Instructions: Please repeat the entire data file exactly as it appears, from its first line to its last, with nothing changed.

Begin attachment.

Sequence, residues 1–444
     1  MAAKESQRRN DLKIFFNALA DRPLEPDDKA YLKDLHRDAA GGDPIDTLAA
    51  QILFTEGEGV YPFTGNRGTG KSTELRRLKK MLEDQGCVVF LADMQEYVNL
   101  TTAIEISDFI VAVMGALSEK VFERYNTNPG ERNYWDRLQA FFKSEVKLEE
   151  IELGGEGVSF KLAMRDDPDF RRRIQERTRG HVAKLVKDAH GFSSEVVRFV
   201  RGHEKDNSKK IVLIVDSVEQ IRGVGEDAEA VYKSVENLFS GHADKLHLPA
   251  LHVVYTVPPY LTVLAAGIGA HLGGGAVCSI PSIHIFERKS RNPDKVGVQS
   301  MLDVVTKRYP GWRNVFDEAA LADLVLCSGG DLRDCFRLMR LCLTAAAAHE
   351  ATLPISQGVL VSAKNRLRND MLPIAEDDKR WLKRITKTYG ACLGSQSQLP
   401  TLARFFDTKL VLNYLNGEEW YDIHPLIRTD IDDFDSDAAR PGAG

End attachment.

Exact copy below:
Sequence, residues 1–444
     1  MAAKESQRRN DLKIFFNALA DRPLEPDDKA YLKDLHRDAA GGDPIDTLAA
    51  QILFTEGEGV YPFTGNRGTG KSTELRRLKK MLEDQGCVVF LADMQEYVNL
   101  TTAIEISDFI VAVMGALSEK VFERYNTNPG ERNYWDRLQA FFKSEVKLEE
   151  IELGGEGVSF KLAMRDDPDF RRRIQERTRG HVAKLVKDAH GFSSEVVRFV
   201  RGHEKDNSKK IVLIVDSVEQ IRGVGEDAEA VYKSVENLFS GHADKLHLPA
   251  LHVVYTVPPY LTVLAAGIGA HLGGGAVCSI PSIHIFERKS RNPDKVGVQS
   301  MLDVVTKRYP GWRNVFDEAA LADLVLCSGG DLRDCFRLMR LCLTAAAAHE
   351  ATLPISQGVL VSAKNRLRND MLPIAEDDKR WLKRITKTYG ACLGSQSQLP
   401  TLARFFDTKL VLNYLNGEEW YDIHPLIRTD IDDFDSDAAR PGAG